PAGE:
Fick's First Law: Definition, Derivation & Examples

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  • 0:03 Introduction to Fick's Laws
  • 3:22 Fick's First Law
  • 5:36 Lesson Summary
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Lesson Transcript
Instructor: Kip Ingram

Kip holds a PhD in Engineering from The University of Texas at Austin and was an occasional substitute lecturer in engineering classes at that institution.

Fick's First Law states that diffusion in gases or fluids is driven by local concentration variations. Even though individual molecules move in a very erratic, random way, their overall diffusion is extremely predictable.

Introduction to Fick's Laws

Fick's laws (the first and second ones) describe the phenomenon of diffusion, which is how gases and fluids spread and mix. This may seem like a complicated, involved topic, but it's really not very complicated at all. You can think of a volume of gas or fluid as an enormous number of incredibly tiny objects (molecules) that are moving around at random, in all directions. They move in straight lines until they bump into a wall or one another. Some move faster than others, but there's a rule that says their average speed depends on the temperature of the gas or fluid. By studying the implications of this totally random motion, we can derive Fick's First Law fairly easily.

Let's do an example, something easy to imagine. To keep things simple, we'll assume that movement occurs in only the x direction (instead of x, y, and z directions). Picture a fish pond that's divided into two equal-size sections by a removable barrier. We'll call these sections left (L) and right (R). Let F(L) and F(R) denote how many fish are in each section. We like fish a lot, so F(L) and F(R) have large numbers of fish, and the fish constantly bump into each other and into the walls as they swim around. When they bump into something they change direction, but we'll assume they all swim at the same speed all the time. It's important to remember that gas molecules flying around in a container don't all move at the same speed, but if we use their average speed everything we discuss will work out.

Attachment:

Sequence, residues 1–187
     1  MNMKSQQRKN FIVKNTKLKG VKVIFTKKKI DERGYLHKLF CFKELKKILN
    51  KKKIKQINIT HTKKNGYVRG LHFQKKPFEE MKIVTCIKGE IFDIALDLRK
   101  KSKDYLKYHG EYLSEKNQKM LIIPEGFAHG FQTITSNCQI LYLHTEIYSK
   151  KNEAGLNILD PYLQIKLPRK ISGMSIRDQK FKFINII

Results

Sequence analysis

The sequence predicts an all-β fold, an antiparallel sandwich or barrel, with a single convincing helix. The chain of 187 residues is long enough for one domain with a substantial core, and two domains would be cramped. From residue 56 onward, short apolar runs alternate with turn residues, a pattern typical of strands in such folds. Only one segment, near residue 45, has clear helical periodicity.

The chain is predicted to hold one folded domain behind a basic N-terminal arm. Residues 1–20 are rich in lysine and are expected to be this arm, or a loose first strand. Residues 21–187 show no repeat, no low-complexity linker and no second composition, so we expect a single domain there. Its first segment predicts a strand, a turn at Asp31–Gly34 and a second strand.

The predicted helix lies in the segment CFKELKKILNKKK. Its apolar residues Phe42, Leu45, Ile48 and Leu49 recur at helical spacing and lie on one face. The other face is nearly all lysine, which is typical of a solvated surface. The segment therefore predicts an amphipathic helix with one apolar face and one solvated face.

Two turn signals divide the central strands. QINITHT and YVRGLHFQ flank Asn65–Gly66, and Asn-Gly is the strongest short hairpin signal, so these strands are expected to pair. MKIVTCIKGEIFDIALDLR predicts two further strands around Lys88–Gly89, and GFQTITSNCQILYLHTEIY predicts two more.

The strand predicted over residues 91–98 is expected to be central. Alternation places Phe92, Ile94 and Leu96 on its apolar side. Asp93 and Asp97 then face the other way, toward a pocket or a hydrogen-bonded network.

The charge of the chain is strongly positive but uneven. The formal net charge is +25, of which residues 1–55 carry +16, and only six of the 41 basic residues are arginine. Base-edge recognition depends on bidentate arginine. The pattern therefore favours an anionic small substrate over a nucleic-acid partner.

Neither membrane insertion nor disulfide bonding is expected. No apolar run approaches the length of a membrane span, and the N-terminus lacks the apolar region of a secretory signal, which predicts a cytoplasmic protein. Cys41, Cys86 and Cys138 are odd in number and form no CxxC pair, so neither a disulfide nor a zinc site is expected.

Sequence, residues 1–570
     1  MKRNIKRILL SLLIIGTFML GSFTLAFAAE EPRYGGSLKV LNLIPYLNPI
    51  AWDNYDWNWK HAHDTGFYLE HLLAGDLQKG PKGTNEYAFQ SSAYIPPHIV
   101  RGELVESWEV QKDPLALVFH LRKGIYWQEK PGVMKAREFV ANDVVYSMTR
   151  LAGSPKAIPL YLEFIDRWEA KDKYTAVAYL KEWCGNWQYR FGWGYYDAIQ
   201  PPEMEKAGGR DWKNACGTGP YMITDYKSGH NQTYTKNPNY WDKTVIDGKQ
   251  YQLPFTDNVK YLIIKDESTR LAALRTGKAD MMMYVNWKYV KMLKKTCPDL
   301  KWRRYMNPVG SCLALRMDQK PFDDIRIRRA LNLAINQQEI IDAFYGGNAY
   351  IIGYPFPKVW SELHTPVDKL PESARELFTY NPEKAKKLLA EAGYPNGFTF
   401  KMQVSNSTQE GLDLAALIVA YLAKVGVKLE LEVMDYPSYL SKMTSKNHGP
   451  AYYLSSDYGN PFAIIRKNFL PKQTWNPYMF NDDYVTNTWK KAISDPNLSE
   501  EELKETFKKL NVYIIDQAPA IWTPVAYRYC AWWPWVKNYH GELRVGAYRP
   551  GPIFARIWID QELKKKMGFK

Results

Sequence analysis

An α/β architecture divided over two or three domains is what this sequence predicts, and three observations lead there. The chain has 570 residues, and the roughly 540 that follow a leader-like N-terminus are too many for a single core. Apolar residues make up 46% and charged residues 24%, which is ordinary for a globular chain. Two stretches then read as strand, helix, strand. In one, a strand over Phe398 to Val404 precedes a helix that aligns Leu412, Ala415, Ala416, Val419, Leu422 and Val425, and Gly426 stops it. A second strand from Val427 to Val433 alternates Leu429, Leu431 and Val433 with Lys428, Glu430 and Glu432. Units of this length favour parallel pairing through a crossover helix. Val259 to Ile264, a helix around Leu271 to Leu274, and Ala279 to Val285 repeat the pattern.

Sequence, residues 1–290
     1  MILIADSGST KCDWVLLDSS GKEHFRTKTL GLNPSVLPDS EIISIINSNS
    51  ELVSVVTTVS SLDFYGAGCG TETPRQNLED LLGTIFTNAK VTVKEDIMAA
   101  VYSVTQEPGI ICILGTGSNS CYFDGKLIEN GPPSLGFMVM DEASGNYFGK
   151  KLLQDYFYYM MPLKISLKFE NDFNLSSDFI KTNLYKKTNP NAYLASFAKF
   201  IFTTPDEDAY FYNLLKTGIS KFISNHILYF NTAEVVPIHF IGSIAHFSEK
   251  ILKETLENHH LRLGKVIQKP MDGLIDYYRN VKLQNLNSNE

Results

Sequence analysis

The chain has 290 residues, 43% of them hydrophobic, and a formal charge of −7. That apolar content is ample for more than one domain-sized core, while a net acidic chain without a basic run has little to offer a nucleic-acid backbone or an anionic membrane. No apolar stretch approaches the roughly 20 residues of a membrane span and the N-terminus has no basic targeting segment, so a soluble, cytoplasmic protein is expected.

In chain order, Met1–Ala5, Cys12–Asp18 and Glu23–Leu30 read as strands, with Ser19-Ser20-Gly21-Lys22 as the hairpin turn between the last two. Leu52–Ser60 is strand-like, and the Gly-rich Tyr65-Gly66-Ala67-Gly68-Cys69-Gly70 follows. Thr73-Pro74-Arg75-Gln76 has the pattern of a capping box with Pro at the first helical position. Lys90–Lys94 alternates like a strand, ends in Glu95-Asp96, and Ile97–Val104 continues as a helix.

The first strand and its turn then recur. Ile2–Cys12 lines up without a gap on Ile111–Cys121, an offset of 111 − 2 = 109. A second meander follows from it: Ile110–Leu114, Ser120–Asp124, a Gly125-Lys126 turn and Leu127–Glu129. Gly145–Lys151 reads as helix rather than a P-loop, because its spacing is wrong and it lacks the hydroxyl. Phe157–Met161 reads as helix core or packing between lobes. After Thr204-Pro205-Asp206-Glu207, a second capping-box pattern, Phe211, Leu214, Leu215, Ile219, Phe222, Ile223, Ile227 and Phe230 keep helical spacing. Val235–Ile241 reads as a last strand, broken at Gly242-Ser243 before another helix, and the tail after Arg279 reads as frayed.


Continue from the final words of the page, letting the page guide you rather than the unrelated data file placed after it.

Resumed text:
Let's remove the barrier and watch a single fish for a while as he zigzags around. We're interested in how long it takes him to move from one section to the other. This is the elapsed time from when he crosses the boundary in one direction until he crosses it in the other. This will vary from crossing to crossing because the fish is swimming in random directions. But, we can watch him for a couple of hours and take an average, which we'll call T. Assume we measure T in seconds. Then we can say our one fish produces 1/T crossings per second. So, if he changes direction, on average, every 30 seconds, he produces 1/30 crossings per second.

This already takes into account our fish bumping into other fish, and he has no other interactions with them. Since our fish all have the same speed, each one will produce 1/T crossings per second. If we watched two fish, we'd see 2/T crossings per second, and so on. So, we can say that all F(L) fish in the section L will produce F(L)/T crossings per second, and their next crossing has to be from left to right. Similarly, the F(R) fish in section R produce F(R)/T crossings per second, and their next crossing has to be right to left.

We're usually interested in the net crossings in some reference direction - say left-to-right. We can write that like this:

Rate = F(L)/T - F(R)/T

Factoring out 1/T:

Rate = (1/T) * ( F(L) - F(R) )

Factoring out -1:

Rate = -(1/T) * ( F(R) - F(L) )

We wrote this the final way, with the negative sign because we've now basically arrived at Fick's First Law!

Fick's First Law

Scientists write Fick's First Law like this:

C = -D * dF/dx

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